Of course Thomas was, by her own admission, stealing, boozing and mainlining heroin before she ever met anyone claiming to be Pagans, so it is difficult to see how she expects us to believe that her "Pagan" friends were responsible for her behavior. Note how Thomas, like so many others that I've written about in this series, claims that these behaviors made her eligible to advance to a higher level in this "coven" of hers. Such behavior would certainly get you noticed in a typical Wiccan coven: The leaders would insist that you get treatment and if this sort of behavior persisted you'd probably be shown the door. No one in Wicca teaches that evil is necessary. All of the activities described by Thomas are clear violations of the Wiccan Rede. Curious that Thomas should use her example of the magickal attack on the paedophile, though I'm still trying to decide what she meant this to be an example of. Is attacking a paedophile with spells supposed to be an example of the "necessity of evil"? Or is she suggesting that she was casting a counter-spell against a paedophile magician?
Thomas then tells us that her drug use, alcoholism and theft qualified her for the second degree which she entered by witnessing the Great Rite. Again, this seems to be an attempt to incorporate elements of British Traditional Wicca on the part of either Thomas or the "coven" that she belonged. She reports that:
"At the end of the initiation, everyone 'grounded themselves' (released their energy) by having sex with one another. Such a disgusting perversion as this I hope you never have to witness - men went with men, women with women, no one was married and we had a mass orgy while 'worshipping' the gods. We were told that the gods liked this form of worship, and did not mind if it was homosexual, heterosexual, bestial or even incestual! We were told the tale of Diana's coupling with her brother, Lucifer (at the time the mention of Lucifer set off no alarm bells, as they had told me the Christians had perverted this god into the devil). While any normal person would have been horrified by the Great Rite, I had become so corrupt that I thought it a beautiful way to worship the goddess and her consort. The way that I willingly joined in secured my new place in the coven - I later found out that if I had refused to participate in the orgy, they would have killed me, as no one could be allowed to testify to that coven's evil."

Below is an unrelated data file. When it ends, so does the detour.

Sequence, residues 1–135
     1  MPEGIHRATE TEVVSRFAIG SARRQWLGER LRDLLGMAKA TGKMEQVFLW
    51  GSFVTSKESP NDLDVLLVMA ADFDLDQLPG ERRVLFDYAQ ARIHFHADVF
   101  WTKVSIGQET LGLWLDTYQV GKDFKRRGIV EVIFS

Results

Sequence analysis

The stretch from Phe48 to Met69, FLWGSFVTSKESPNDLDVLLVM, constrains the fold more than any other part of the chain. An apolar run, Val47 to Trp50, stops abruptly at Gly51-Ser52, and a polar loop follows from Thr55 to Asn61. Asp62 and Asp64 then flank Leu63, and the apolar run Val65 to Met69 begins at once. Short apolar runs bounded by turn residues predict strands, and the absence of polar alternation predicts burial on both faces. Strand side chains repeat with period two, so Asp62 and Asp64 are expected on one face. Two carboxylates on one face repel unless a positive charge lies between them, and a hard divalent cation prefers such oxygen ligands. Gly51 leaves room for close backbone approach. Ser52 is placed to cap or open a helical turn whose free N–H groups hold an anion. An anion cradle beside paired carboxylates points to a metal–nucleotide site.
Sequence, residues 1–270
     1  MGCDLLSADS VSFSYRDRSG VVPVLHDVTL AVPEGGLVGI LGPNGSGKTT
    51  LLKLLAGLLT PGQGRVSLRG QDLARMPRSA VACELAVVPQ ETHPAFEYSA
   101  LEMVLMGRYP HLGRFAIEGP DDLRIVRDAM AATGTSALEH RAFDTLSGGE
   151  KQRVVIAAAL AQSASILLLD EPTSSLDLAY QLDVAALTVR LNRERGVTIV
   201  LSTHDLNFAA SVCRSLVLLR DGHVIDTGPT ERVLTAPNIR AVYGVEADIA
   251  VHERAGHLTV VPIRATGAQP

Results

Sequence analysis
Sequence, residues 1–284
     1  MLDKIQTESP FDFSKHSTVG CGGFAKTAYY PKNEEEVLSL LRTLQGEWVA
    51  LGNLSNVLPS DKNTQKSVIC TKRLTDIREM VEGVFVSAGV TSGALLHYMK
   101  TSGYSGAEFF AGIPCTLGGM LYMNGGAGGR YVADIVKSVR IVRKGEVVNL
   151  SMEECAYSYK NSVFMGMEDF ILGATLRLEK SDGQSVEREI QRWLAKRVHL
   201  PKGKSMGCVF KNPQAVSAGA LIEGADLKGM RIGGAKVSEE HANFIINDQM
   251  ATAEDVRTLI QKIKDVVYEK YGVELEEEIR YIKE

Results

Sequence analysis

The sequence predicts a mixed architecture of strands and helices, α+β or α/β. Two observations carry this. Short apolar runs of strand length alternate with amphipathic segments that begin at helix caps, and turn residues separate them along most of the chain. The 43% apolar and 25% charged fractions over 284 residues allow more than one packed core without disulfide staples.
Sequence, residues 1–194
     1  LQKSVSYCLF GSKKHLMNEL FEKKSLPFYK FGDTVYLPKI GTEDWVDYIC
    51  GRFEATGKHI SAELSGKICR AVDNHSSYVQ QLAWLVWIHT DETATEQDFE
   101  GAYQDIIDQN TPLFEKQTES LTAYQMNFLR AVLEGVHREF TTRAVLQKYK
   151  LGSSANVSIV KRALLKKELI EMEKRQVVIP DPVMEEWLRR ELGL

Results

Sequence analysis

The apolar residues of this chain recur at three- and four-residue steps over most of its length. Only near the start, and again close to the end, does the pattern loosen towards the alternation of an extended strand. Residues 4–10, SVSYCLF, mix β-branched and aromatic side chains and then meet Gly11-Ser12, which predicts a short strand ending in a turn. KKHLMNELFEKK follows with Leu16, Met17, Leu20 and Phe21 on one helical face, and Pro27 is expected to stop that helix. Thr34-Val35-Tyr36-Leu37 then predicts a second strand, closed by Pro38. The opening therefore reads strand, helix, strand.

In Brit Trad covens the Great Rite is ritual sex performed between the High Priestess and the High Priest. It is not an orgy involving the entire coven and it often does not involve actual sex at all. When it does the coven members typically retire to give the priestess and priest privacy. Most Pagans and Ceremonial Magicians consider sexual intercourse to be a way of raising energy, not grounding it. Wicca and other Neo-Pagan religions are accepting of homosexuality, but no Wiccan or Pagan group that I've ever encountered requires it's members to engage in bestiality or incest. Note how Thomas has introduced the story of Diana and Lucifer that one finds in the first chapter of Leland's book Aradia and in Alex Sander's book The Alex Sanders Lectures. Thomas brings this up again a few paragraphs later when she states: "They told us that the god they called Cernunnos was really called Lucifer and his consort was Diana, his sister and lover." This is another idea that she appears to have borrowed from either Warnke or Schnoebelen: We saw both of these individuals using this approach in earlier articles in the Witch Hunts series. Thomas doesn't tell us who told her that she would have been killed if she had refused: I suspect that it was the evangelical Christians who "saved" her.